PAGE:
•    Massachusetts: In FY09, Walmart led all employers with 10,171 employees and their dependents using publicly subsidized health care. Enrollees included 5,072 employees and 5,699 dependents.[9]
  •    Connecticut: In 2011, Walmart topped the list of Medicaid employers.the costs of the plans that the company offers are unaffordable for many hourly associates, who earn an average of just $8.81 per hour
So, yet again we have equivalence fail.

And guess which HealthCare Bill expanded access to Medicaid which would increase the availability of coverage of exactly those same WalMart workers under the poverty line?  ObamaCare did (in those states without recalcitrant Republicans in control, that is.)

But then the Washington Examiner report goes on to say that the thing that makes WalmartCare better than ObamaCare isn't just cost (even though it's not true if they qualify for subsidies or Medicaid - which 52% of Walmart worker should), it's access.

http://health.usnews.com/...

Many top hospitals are simply opting out of Obamacare.

Chances are the individual plan you purchased outside Obamacare would allow you to go to these facilities. For example, fourth-ranked Cleveland Clinic accepts dozens of insurance plans if you buy one on your own. But go through Obamacare and you have just one choice: Medical Mutual of Ohio.

And that's not because their exchanges don't offer options. Both Ohio and California have a dozen insurance companies on their exchanges, yet two of the states' premier hospitals – Cleveland Clinic and Cedars-Sinai Medical Center – have only one company in their respective networks.

Let's think this though, WalMart has 2 plans - TWO -  and a Health Saving Account that have access to these hospitals.  In this report, the exchange may have 13-15 different plans available and only ONE - or maybe TWO - will have the top-tier hospitals available.  So, uh, what exactly is the problem - the fact that people have 12-13 other choices that they wouldn't have otherwise? Too much choice is a bad thing now?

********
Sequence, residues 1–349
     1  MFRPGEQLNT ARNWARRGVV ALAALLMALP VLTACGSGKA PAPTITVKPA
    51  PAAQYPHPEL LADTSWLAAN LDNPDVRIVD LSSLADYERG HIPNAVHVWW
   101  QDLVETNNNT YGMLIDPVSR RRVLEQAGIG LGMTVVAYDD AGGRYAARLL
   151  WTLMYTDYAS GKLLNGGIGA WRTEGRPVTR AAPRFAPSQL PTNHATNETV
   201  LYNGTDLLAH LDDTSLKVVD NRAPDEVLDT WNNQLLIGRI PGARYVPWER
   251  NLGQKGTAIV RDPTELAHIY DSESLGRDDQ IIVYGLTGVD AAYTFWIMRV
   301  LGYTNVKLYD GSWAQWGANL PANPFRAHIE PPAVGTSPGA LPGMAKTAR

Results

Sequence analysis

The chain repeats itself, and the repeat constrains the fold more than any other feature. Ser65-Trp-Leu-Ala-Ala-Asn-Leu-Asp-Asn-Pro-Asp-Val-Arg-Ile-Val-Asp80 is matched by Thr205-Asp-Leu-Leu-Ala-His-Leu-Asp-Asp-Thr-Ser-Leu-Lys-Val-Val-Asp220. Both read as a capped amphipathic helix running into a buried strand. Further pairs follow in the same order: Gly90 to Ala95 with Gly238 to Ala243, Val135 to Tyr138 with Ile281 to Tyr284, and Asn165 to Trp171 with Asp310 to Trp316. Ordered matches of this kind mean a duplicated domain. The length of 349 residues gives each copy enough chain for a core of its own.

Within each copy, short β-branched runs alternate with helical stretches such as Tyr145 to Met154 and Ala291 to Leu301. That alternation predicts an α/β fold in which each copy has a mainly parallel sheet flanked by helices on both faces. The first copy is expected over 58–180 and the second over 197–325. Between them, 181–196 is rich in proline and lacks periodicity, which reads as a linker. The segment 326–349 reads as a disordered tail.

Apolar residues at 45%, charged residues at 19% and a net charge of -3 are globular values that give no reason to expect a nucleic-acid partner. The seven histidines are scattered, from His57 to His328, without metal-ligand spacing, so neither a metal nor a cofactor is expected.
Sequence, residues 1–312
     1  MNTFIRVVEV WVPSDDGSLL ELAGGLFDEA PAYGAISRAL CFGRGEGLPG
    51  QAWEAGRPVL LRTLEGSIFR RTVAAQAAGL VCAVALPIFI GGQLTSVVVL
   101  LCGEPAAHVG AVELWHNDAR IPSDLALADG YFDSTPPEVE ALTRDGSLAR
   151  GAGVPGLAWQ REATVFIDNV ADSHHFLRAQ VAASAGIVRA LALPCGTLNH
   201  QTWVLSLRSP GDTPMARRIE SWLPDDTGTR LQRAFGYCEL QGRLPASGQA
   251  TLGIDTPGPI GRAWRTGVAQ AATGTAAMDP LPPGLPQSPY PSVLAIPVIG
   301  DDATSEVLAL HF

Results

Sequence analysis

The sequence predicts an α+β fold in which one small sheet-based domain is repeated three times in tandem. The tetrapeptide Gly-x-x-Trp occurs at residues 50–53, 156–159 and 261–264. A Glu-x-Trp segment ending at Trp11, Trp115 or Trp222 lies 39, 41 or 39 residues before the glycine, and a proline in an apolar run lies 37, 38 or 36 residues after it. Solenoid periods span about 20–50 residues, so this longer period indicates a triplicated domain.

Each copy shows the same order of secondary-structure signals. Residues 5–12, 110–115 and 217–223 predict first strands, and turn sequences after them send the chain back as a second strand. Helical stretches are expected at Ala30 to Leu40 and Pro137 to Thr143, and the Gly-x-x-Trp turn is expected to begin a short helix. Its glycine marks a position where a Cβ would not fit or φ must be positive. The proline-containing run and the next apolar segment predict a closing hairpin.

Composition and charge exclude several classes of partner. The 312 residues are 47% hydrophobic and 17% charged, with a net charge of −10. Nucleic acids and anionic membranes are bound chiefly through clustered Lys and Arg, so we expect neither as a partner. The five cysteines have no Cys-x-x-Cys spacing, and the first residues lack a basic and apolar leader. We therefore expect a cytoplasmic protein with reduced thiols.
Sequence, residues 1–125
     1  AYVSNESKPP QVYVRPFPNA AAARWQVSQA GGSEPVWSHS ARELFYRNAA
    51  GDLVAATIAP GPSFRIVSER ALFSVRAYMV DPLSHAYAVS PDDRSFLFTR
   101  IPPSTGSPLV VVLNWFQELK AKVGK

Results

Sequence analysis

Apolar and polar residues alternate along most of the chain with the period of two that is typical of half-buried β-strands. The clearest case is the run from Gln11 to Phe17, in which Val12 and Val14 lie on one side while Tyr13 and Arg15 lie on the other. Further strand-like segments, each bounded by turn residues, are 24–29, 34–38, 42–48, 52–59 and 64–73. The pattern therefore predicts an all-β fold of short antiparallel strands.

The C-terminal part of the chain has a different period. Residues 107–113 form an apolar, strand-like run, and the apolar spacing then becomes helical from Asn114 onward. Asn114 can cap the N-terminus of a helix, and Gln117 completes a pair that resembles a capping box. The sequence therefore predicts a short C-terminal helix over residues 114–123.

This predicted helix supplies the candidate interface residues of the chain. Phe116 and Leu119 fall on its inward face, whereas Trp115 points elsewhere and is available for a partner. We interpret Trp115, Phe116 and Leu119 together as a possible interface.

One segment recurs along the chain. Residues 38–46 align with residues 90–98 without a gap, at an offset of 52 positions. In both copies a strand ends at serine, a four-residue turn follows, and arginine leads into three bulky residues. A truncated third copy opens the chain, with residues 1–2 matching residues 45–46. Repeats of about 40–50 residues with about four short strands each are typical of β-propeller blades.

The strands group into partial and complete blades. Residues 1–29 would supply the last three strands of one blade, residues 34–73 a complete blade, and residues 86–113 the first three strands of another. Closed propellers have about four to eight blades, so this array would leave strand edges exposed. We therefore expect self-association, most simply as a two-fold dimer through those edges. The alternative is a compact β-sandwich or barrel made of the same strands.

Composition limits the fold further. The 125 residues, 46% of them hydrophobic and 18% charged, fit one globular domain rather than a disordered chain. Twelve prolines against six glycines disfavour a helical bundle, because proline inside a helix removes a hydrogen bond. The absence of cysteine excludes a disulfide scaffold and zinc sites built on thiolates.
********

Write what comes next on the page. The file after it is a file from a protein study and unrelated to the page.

In fairness, their complaint for most exchange plans may be true, as this is the first year that these plans roll out - they may not include every option available.  Of course, this argument is like saying the person that previously couldn't get a drink of water, should now be disappointed and disgusted that they can't get a Cristal at every restaurant in their neighborhood.

The main rationale given for these plans not granting access to the top-tier hospital networks is the "cost controls", but the only real control of this type is the 80/20% Medical Loss Ratio requirement for plans offered on the exchange.  However, that requirement now applies to ALL PLANS in the individual and small group, but not for large groups (like WalMart), so if this is truly the problem, it's not restricted only to the ObamaCare plans. The thing here is that when these plans are apparently restricting access to the premium hospitals because on their inability price gouge on Co-Pays and Deductibles when providing those premium services.

Certainly it's a worthwhile subject to examine how Plans available on the Exchanges stack up in terms of price and services vs those that are already available from other providers in the individual, small and large markets - but we have to understand that they are NOT ALL INTERCHANGEABLE.  People working at large companies like Walmart are - and have already been - required to provide health care to their full time employees.  That was already that law, that is still the law.

ObamaCare doesn't change that, in fact WalMart's 24 hour requirement is lower than the ACA's 30 hour work week requirement  People who are getting their Healthcare through WalMart don't have to change, and will not be required to shift to an ObamaCare plan unless.. They Weren't Able to Get Care Previously.

So it's not Apples to Apples, it's more like Apples to not having ANY Apple, then finally being able to get a few slices of an Apple.  We shouldn't be comparing one whole Apple versus the few slices that might be missing, we should be comparing it against the fact - NOW THEY HAVE SOME APPLE because before this, they didn't have one.

Look, I'm just one guy who took an hour with an iMac to Google research this because I've been writing about the ACA since the first version of the bill hit Congress. Just imagine if someone in the professional media, who gets paid for this stuff, were to do an analysis of how well this WalmartCare is better than ObamCare stuff really works out.

Or maybe they could pay me to do it, I could use the money and I'm available.

I'm just sayin'.

Vyan